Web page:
39Big John39 Drury the Dancing Trucker on his truck stop tour

'Big John' Drury, the Dancing Trucker, on his truck stop tour.

He's a 6-ft-.7-in., 350-lb. truck driver – And yes, he's dancing

"Big John" Drury is dancing his way to health, and doesn't care who knows it. He's on a mission to help other drivers lose weight and get healthy by dancing anywhere he can, even in the middle of truck stops.

"There's no shame in my game," he says. "I'm on a mission. I'm not afraid to get out there and dance and be an inspiration to other truck drivers who want to lose weight." Although he encourages other drivers to join in at truck stops, he rarely gets any takers willing to strut their stuff  in public. "Truck drivers are very nice people. They’ll talk to me all day and we get along, but they don't want to dance in public… but I keep trying."

He posts many of  his truck stop dance sessions on social media where they were spotted by representatives of Progressive Commercial Lines who asked him to be the campaign spokesperson for their Health Awareness Program that debuted at The Great American Trucking Show in Dallas. Drury and back-up dancers performed his unique steps for the crowd.

"These are my moves that I made up myself in my basement. This is my choreography that I can do and that other people my size can follow. They're easy steps to do.  It's is a form of dance that was created back in the early 1900s. This is my passion. I love to dance, absolutely love to dance. It’s a freeing feeling to me. I’m alive when I'm dancing, and I want my enthusiasm and happiness to rub off on other people."

He also wants drivers to understand the health risks of being overweight. According to a recent report from the Centers for Disease Control over two-thirds of truck driver respondents were obese (69%), as defined by a body mass index (BMI) of 30 or higher, and 17% were morbidly obese (BMI of 40 or higher). In comparison, only one-third of  U.S. working adults were reported to be obese and 7% morbidly obese. "Obesity increases the chance for type 2 diabetes, sleep apnea, heart disease, cancer, joint and back pain, and stroke. These health conditions can disqualify a driver from receiving their commercial driver’s license and essentially take away their livelihood," the report noted.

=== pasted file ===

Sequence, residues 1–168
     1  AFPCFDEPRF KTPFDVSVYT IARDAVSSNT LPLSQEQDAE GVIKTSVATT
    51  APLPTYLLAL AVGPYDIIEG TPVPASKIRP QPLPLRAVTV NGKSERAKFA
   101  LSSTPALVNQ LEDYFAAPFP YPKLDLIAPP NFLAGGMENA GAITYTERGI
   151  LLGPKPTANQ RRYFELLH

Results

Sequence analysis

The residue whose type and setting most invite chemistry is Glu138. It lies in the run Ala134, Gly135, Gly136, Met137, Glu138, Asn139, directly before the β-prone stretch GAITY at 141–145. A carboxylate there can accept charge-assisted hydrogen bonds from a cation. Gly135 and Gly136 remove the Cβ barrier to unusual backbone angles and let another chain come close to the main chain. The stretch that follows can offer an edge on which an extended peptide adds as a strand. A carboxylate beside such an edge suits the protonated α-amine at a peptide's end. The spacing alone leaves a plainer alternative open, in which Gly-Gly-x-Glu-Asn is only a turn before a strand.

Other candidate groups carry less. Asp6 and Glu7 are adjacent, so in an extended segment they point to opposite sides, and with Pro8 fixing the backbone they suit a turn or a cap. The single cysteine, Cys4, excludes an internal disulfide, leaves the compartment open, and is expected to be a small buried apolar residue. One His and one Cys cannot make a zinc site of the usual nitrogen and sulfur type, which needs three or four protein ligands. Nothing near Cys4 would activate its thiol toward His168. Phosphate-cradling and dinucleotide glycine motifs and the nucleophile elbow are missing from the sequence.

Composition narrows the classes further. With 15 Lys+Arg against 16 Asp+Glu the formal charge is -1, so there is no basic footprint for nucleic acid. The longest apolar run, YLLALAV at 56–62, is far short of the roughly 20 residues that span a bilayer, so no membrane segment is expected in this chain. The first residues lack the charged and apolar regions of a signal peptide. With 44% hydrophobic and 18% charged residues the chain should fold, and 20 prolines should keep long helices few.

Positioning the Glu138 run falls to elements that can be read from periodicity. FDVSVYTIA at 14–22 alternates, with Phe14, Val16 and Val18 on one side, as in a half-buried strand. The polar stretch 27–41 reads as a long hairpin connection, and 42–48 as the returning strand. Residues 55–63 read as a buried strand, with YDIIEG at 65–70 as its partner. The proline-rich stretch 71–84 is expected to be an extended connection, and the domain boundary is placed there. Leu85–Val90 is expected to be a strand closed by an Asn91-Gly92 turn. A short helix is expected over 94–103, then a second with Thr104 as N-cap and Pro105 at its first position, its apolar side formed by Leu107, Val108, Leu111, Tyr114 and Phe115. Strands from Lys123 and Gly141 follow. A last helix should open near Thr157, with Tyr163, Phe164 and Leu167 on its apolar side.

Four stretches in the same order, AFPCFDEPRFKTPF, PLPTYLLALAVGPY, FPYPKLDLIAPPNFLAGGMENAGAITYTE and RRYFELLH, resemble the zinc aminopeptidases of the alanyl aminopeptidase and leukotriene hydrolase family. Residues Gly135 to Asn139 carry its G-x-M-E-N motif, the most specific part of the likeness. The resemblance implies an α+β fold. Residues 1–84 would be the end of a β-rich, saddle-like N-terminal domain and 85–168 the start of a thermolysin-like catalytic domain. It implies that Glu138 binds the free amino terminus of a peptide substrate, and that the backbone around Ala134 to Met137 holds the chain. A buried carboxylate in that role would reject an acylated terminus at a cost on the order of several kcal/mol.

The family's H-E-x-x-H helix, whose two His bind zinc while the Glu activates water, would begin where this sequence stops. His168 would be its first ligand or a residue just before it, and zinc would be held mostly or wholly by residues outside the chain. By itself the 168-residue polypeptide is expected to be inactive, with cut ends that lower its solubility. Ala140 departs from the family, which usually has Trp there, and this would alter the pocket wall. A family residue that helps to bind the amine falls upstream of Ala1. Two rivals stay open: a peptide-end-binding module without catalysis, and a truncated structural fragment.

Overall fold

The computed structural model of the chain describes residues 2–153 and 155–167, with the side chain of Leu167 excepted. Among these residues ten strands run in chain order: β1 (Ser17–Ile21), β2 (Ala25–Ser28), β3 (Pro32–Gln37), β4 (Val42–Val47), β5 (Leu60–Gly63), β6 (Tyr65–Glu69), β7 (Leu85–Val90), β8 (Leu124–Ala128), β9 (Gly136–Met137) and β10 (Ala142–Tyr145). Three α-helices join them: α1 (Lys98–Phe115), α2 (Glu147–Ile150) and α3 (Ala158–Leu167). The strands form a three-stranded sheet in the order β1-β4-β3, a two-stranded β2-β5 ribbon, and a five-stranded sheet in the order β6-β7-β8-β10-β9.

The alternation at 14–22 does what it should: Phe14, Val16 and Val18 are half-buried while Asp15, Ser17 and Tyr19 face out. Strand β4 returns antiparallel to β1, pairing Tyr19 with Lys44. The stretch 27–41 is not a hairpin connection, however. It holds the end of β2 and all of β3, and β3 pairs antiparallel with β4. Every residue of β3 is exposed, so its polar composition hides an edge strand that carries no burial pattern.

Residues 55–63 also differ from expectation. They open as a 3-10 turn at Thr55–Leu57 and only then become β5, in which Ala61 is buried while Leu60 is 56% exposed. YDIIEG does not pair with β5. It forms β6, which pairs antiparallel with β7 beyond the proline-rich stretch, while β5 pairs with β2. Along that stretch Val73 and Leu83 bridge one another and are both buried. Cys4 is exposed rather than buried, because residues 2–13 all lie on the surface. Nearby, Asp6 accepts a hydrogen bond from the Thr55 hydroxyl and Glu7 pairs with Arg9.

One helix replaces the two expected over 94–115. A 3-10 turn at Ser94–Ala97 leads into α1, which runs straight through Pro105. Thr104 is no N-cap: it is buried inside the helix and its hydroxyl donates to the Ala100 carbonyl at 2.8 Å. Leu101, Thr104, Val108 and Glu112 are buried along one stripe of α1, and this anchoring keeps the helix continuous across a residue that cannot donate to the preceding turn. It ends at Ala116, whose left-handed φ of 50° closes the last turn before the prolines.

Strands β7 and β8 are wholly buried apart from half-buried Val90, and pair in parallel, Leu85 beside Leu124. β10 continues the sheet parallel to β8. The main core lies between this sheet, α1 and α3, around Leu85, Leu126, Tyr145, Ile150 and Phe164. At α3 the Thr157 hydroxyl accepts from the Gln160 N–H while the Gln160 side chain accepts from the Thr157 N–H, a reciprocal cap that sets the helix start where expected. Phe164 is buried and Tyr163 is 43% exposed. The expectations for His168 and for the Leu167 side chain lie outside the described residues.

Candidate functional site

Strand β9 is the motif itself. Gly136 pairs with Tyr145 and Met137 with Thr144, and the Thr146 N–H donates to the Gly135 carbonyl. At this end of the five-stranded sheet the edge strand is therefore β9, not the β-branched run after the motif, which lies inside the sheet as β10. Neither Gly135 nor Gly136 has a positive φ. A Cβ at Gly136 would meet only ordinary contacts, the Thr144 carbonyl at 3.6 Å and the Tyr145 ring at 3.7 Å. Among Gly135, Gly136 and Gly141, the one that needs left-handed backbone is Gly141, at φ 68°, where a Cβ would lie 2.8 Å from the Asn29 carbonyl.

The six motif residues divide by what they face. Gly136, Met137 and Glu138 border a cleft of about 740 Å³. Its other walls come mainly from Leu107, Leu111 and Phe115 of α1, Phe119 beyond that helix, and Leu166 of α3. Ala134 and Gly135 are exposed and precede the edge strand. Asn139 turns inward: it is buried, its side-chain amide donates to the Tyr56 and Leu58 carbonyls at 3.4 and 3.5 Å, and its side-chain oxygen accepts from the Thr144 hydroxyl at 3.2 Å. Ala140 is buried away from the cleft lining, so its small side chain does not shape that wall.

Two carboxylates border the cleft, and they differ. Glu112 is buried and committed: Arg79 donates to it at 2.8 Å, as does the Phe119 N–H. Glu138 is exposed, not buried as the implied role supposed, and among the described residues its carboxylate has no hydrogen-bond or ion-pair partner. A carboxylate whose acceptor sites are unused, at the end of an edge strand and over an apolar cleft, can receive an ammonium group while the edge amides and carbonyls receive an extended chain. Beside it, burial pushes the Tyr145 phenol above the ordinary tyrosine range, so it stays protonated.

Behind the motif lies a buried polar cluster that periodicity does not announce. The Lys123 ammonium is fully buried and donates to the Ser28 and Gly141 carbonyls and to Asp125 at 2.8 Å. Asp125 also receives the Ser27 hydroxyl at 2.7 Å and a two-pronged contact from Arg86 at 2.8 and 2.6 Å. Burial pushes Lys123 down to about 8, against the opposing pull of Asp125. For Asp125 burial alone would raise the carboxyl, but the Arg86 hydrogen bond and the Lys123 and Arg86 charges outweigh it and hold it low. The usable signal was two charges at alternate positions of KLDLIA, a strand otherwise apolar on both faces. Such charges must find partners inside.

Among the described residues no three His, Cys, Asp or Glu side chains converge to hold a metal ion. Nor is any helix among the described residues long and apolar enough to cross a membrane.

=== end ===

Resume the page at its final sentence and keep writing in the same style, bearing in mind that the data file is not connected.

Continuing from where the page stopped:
"The trucking industry has a huge health problem when it comes to drivers," says Drury, who has been driving for about 13 years. In 2011 he lost 100 pounds mostly by dancing and insists that others can do the same if they're committed. "First and foremost you have to be ready mentally to do this, to take this journey, and that’s the biggest step there is. There’s a barrier in many truck drivers’ minds. They have to believe in themselves, that they can do this, that they can take this journey, that this will happen if they put in the effort and if they’re determined and disciplined. It's not easy. The easy way out is to do what the hell you want, right? Eat what you want. This takes work, dedication, but once  you’re ready to do that and commit to it then you’re on your way. It's not that complicated to get healthy; you just have to make your mind up to do so.

"I can relate to big people like me, in the 300 to 400 pound range, and this can work for anyone." He says that people also have to commit to eating right along with the exercise. "Get off the sugary drinks and drink more water. Be conscious of what you’re eating. Keep a journal; write down what you eat. I try to eat 2,500 calories a day, and keep track of that. Then, find an exercise that you're passionate about. I enjoy dancing. I've been doing it all my life. Maybe you like walking. That's great exercise. You don't have to run or dance to lose weight."

Drury drives for Baltimore-based Cowen Systems who are supportive of his efforts to lose weight. "I'm pretty much dedicated out of Coca-Cola in Cincinnati, and I run to Louisville, Kentucky, Lexington, Kentucky a couple times a day or wherever they send met but it's usually in the tri-state area - Ohio, Indiana and Kentucky." He's fortunate to be home every night, which makes it a little easier to eat well at night. "That said, my days are long and I'm out there 60 hours a week. It's a difficult thing to eat well on the road, but it can be done."

He adds that when he lost the 100 pounds he was working for an LTL that kept him out  two or three nights at a time. One of his tricks was to walk while he was backed at a dock. "That was my exercise. Instead of sitting around, I got out and walked."

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